The Carmelite Order developed from a single community of hermits, who lived on Mount Carmel in Palestine in the early days of the thirteenth century. The Crusades had freed the Holy Land from Moslem hands and Christian pilgrims were free to visit the places of the Bible. Many of these hermits had been chaplains for the Christian armies from Western Europe.
Following the example of the prophet Elijah, a holy and solitary man closely associated with Mount Carmel in the Bible, this small group of pilgrims, merchants, crusaders and soldiers were seeking to live a simple and solitary life in allegiance to Jesus Christ with the special patronage of the Blessed Virgin Mary. This community of Western European Christians, called the Brothers of the Most Blessed Virgin of Mount Carmel, was given the Carmelite Rule of Life by St. Albert, Latin Patriarch of Jerusalem, between 1206 and 1214 AD. The Rule was approved by Pope Honorius III on January 30, 1226.
Due to developing hostilities from the Saracens in the Holy Land, around 1239 AD the hermits began migrating from Mount Carmel to begin establishing communities in various parts of Europe. In 1247 their rule of life now solemnly confirmed by the Holy See, was adapted to meet the needs of an Order spreading throughout Christendom. In the course of the second half of the thirteenth century, circumstances conspired to lead the Carmelites ever further from their hermit origins, and they finally became a mendicant order, though their old way of life was not forgotten and never completely died out as it was ever present to them in their Rule. The mendicant Orders sought to live a spirituality and exercise an apostolate that grew out of the community life they now lived.
In 1562, a Spanish Carmelite nun, known to us as St. Teresa of Avila, was assisted by another great Carmelite, St. John of the Cross, to establish a completely new branch of the Carmelite Order, the Discalced Carmelites. "Discalced" comes from a Latin word meaning "unshod", and they were so called because the most distinctive thing about their appearance was the fact that, as a sign of their more austere way of life, they wore the rope sandals of the poor in place of leather shoes. The Discalced Carmelites, both nuns and friars, aspired to a more ascetic and contemplative form of life in keeping with the spirit of the original thirteenth century rule.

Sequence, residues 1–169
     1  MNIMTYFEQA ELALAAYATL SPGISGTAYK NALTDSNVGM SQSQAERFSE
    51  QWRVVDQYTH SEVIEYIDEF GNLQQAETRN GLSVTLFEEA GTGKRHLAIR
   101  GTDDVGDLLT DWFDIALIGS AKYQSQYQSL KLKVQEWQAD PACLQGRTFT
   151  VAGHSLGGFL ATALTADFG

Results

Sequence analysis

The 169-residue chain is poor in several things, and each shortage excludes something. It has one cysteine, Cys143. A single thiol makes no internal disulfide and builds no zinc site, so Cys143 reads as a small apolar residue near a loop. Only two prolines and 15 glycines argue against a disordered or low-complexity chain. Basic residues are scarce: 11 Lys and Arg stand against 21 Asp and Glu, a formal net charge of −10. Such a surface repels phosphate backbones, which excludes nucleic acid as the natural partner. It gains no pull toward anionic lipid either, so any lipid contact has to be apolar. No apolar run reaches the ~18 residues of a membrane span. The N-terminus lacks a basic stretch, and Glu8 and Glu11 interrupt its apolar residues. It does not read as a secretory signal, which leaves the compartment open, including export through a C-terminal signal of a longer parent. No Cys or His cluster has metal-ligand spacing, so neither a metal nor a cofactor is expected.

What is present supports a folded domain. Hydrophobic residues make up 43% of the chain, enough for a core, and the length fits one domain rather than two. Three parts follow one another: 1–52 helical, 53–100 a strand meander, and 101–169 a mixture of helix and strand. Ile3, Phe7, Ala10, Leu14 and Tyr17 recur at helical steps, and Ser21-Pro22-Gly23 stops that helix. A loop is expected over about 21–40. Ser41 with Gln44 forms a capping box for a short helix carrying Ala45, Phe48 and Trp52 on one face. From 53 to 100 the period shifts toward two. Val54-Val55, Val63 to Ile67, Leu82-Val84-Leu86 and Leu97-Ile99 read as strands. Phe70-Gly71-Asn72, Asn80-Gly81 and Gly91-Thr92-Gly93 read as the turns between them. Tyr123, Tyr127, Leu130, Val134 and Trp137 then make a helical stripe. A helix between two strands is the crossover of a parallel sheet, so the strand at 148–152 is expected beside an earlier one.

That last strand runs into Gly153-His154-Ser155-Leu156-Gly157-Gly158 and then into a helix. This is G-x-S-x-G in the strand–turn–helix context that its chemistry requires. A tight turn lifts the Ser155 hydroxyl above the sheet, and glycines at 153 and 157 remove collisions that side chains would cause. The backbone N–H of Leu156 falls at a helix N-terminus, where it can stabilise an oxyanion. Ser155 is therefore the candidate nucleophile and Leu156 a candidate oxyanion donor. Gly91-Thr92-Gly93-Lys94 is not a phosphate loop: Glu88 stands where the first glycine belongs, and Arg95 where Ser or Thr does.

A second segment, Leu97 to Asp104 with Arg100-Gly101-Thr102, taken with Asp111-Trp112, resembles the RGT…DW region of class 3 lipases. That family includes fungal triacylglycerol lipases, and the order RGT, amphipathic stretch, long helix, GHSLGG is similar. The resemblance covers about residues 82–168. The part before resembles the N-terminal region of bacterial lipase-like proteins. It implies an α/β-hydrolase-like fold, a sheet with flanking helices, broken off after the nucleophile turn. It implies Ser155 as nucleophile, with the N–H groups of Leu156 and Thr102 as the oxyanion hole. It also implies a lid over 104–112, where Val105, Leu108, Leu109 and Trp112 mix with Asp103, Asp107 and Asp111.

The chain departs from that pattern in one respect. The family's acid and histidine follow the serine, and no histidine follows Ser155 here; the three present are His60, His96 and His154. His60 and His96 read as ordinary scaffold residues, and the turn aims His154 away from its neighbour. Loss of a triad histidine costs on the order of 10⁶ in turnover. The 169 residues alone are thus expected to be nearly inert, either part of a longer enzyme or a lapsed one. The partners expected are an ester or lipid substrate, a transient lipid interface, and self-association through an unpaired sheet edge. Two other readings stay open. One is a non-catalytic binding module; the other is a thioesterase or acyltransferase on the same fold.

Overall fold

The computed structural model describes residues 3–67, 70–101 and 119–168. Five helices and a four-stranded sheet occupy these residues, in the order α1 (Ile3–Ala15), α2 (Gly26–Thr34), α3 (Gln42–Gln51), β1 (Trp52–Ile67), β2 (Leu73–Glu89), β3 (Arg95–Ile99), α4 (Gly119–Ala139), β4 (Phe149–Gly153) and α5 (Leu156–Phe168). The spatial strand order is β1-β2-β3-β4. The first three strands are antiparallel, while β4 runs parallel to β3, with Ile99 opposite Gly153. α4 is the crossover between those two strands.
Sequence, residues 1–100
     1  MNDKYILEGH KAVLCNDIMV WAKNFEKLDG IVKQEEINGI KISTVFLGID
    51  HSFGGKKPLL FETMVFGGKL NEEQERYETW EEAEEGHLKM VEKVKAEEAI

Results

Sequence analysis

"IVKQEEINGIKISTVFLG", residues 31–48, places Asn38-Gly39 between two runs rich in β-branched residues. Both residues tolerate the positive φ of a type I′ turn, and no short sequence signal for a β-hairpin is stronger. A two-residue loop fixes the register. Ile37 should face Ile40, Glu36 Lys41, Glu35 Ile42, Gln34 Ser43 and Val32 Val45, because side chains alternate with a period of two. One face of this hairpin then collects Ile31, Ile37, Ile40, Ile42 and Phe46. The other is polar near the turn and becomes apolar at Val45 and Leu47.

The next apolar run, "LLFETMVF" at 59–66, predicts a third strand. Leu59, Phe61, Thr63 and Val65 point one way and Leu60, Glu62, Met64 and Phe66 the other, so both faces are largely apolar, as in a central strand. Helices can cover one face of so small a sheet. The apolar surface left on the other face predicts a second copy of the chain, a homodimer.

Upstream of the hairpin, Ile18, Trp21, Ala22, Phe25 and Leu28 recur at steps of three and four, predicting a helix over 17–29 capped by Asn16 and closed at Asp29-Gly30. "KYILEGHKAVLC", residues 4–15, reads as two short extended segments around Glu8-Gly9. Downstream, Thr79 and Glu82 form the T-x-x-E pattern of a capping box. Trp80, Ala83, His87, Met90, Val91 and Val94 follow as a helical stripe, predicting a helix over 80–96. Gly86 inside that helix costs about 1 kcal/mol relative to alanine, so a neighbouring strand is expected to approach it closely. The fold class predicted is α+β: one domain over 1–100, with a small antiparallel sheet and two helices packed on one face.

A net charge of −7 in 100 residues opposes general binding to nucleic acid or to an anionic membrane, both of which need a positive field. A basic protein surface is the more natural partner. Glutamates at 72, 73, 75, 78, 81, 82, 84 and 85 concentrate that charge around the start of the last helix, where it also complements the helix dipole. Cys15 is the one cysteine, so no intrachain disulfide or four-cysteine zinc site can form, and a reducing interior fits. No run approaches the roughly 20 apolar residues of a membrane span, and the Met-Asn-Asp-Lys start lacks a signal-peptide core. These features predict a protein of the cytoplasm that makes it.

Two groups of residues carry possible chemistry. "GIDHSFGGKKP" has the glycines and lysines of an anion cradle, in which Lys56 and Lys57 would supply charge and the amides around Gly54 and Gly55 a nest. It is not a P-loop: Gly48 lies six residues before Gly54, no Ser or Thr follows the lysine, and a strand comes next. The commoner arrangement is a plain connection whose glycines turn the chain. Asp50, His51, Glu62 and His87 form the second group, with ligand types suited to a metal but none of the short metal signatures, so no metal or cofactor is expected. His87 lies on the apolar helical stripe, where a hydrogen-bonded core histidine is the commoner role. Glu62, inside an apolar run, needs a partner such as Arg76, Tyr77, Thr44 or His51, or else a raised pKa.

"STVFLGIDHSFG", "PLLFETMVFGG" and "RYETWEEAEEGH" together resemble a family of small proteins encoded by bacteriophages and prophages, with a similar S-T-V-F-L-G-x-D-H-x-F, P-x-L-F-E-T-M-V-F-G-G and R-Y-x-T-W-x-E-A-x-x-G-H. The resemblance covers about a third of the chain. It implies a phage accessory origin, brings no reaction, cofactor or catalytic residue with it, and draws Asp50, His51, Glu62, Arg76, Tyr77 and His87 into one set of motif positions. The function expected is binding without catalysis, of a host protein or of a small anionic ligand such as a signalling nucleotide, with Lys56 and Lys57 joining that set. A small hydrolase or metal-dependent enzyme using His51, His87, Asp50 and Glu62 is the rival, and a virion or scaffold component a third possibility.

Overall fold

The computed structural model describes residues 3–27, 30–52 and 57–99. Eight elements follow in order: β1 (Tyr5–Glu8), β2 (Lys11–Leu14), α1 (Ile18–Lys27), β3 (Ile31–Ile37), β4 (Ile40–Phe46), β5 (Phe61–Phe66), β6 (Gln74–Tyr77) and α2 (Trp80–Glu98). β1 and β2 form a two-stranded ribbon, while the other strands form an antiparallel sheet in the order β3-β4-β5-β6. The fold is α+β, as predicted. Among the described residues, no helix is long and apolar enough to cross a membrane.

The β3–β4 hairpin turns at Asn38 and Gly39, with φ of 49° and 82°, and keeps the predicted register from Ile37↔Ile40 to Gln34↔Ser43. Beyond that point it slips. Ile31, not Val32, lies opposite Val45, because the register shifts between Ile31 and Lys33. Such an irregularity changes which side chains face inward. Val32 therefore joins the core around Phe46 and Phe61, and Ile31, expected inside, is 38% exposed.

Thus it is that today there are two branches of the Carmelite family; the Ancient Observance (O. Carm.) and the Discalced (O.C.D.). In addition to those called to the priesthood or those called to the religious orders or congregations, each branch has its own Secular Order.
For many centuries there have been lay people and also some diocesan priests, who have felt drawn to associate themselves with a religious order. The monastic orders admit such men and women as Oblates, while the mendicant orders, following the example of St. Francis of Assisi, have instituted what are known today as "Secular Orders." The members of these secular orders are men and women, who wish to develop their spiritual life by a closer association with the spirituality of the religious order to which they are attracted. They may be married or single, but must be fully practicing the teachings of the Catholic Church.
The Secular Order of the Discalced Carmelites, as its Constitution states, welcomes those of the faithful who, by special vocation, undertake to live in the world an evangelic life of fraternal communion imbued by the spirit of contemplative prayer, in imitation of the Virgin Mary, and animated with apostolic zeal according to the example and the teaching of the Carmelite saints. Perhaps the best known of the Carmelite saints is St. Therese of Lisieux, the "Little Flower," who died in 1897.